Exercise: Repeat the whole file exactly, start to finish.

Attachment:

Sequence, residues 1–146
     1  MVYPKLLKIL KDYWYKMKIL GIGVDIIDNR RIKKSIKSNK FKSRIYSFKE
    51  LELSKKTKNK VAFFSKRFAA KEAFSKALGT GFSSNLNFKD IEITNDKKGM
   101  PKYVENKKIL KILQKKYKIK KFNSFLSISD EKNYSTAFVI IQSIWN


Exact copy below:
Sequence, residues 1–146
     1  MVYPKLLKIL KDYWYKMKIL GIGVDIIDNR RIKKSIKSNK FKSRIYSFKE
    51  LELSKKTKNK VAFFSKRFAA KEAFSKALGT GFSSNLNFKD IEITNDKKGM
   101  PKYVENKKIL KILQKKYKIK KFNSFLSISD EKNYSTAFVI IQSIWN